The Healthiest Carbohydrates
Though they are truly nutritious macronutrients, they are commonly deemed the bad guy in our state of obesity. Carbs are often blamed for weight gain and avoided like the plague by the many low-carb dieters out there. However, speaking from personal experience, carbohydrates will NOT make you fat. It's eating too much of the wrong types that can.
Carbohydrates are the fuel for life, providing the preferred energy source for both brain and muscle. Rather than dodging this source of nutrition altogether, all you need to do is select the right ones.
Before I begin to explain what makes one carbohydrate better than another, let’s discuss the basics of this macronutrient.
Carbohydrates are one of several types of energy sources in our diet, right alongside protein and fat. Carbs contain sugar, starch and fiber. With the exception of dietary fiber, carbs are broken down into sugar (a.k.a. glucose) in order to fuel our body. Plant-based foods such as grains, fruits and vegetables are all great sources of carbohydrates, though they are also found in dairy products and added to many sweets and beverages.
Where do the majority of carbs come from in YOUR diet?
The Best Sources of Carbohydrates
The best sources of carbohydrates for health are those from fruits, veggies, and whole grains. Here are a few tips for each food group:
Fruit consists primarily of carbohydrates, providing a great source of easily digested energy (sugar). Naturally paired with fiber, it can help to reduce the impact on your blood sugar. Whether you prefer your fruit fresh, frozen or canned, you are making a wise decision for your health as fruit is a frequently packed with disease fighting antioxidants. My only request is when you are searching for frozen or canned versions is to opt for those packed in juice rather than syrup to reduce the amount of added sugars in your diet. Now, if you were to opt for fruit juice instead, you will find a version of fruit where all of the fiber has been stripped away thereby enabling the rollercoaster ride of blood sugar commonly felt after consuming candy or soda-pop.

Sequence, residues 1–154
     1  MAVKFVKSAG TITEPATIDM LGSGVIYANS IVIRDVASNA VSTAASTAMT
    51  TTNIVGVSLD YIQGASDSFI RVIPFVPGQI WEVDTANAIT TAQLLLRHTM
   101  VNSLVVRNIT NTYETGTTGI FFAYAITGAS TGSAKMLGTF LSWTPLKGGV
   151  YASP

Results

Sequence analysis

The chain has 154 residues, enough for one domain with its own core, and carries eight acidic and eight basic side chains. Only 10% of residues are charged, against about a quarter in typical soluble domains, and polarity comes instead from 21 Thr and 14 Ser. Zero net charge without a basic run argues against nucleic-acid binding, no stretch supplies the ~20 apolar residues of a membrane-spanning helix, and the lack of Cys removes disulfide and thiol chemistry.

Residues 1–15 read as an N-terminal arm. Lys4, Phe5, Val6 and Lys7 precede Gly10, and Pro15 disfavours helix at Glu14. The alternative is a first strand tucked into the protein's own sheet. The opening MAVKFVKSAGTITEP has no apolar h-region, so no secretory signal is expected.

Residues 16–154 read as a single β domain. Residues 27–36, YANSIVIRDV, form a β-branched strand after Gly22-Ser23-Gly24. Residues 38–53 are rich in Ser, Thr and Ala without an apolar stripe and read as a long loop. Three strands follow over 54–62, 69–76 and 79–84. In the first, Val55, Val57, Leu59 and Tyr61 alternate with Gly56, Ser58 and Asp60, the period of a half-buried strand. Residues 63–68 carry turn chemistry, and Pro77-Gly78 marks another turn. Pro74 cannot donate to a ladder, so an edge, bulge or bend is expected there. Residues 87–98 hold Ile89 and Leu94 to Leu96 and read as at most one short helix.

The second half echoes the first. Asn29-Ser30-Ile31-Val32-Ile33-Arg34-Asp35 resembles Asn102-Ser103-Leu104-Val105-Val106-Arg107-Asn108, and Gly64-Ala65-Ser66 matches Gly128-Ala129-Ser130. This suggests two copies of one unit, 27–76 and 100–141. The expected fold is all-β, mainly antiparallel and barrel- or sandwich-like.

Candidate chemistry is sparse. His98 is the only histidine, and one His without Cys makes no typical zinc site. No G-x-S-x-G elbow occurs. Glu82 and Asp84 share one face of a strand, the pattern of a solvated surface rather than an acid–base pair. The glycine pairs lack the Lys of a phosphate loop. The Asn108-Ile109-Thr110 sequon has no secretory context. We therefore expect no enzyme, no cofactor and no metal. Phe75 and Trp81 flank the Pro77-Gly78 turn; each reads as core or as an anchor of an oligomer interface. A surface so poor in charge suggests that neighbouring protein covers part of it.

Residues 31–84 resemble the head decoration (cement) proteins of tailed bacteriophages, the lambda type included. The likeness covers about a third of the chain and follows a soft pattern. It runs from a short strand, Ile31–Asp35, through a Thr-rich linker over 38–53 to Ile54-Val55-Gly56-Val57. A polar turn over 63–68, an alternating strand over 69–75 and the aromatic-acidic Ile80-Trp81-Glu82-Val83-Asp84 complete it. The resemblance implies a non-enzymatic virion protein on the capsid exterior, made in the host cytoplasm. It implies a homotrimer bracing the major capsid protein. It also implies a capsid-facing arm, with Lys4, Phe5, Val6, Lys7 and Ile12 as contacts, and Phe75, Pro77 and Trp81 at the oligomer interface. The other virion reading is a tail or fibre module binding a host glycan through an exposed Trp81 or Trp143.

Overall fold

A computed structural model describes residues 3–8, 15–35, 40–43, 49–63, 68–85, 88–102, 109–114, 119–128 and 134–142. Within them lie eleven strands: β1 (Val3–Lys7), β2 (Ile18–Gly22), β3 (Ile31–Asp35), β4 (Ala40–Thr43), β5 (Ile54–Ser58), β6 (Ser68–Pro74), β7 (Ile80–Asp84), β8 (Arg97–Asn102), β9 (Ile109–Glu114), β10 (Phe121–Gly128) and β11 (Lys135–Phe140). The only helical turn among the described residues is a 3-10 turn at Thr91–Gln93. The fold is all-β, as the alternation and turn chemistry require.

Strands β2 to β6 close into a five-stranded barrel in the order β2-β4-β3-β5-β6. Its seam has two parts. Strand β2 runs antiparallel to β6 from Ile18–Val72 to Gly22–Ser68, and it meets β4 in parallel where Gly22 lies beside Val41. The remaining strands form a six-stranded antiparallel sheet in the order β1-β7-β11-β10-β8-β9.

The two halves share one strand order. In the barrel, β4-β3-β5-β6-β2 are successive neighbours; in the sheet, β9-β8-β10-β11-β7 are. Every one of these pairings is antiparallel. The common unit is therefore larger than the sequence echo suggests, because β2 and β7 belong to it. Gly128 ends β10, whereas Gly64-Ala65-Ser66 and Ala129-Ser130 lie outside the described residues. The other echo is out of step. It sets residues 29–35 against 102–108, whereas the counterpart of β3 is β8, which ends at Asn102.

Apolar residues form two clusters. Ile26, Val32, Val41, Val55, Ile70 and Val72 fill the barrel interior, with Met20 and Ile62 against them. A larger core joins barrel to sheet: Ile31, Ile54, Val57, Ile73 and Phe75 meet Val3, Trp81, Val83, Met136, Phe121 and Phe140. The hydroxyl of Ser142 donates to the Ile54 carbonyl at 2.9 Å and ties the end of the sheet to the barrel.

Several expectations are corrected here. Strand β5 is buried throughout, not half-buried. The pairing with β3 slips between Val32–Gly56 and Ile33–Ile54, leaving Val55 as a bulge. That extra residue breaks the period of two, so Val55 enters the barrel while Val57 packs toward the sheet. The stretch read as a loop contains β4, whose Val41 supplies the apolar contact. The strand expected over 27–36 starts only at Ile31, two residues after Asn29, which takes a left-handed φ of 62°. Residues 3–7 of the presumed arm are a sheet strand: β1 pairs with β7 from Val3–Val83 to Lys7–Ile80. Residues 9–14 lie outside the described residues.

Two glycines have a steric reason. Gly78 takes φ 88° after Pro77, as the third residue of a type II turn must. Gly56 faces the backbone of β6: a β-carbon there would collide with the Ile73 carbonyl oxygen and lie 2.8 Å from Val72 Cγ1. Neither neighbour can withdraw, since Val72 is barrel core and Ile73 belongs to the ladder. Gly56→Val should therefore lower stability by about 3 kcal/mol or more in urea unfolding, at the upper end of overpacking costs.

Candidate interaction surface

Vegetables are amazing. Rich in nutrition, yet light in calories. However, while all vegetables do contain some carbohydrates, the amounts certainly vary. Water-packed cucumber has far less carbohydrates than a savory serving of kabocha squash, yet that does not make one better than the other, as both are terrific additions to a nutritious diet. Aim for variety and enjoy any and all carbs found in your veggies.
The 2010 Dietary Guidelines continue to push the advice offered back in 2005, “Make half your grains whole”. In other words, out of all of the bread, pasta and cereal you choose to eat each day aim to make 50% or more whole grain versions. How can you tell? Make sure WHOLE is used within the first ingredient (whole grain rolled oats, whole wheat, whole grain barley, whole grain brown rice, etc.). Whole grains are preferred by health experts around the globe. They contain the nutrient and fiber filled components often stripped away in the refining process used to make refined grains such as white bread or all-purpose flour. Up to 80% of the nutrients are stripped away during the process, including those energizing B vitamins.
Not So Healthy Carbs
While it may seem obvious when it comes to spotting the healthy carbs in your supermarket, do you know which ones are not quite so great?
This is where things may become tricky. Some not-so-health carbs may even include whole grains, but there may still be a great deal of added sugars.
A healthy rule of thumb is to limit added sugars to (excluding fruit and milk) to 40 grams per day or 10 teaspoons (four grams is in one teaspoon). This may seem easy until you realize it’s common to find this amount or more in an American sized soda-pop. Simply try to become more aware of what you are eating is all that I ask.
Carbohydrates are certainly not the enemy.
In fact, they are found in the food groups most highly recommended by the 2010 Dietary Guidelines for Healthy Americans! What well balanced diet would be void of vibrant veggies, flavorful fruit and hearty whole grains?
Eat and enjoy!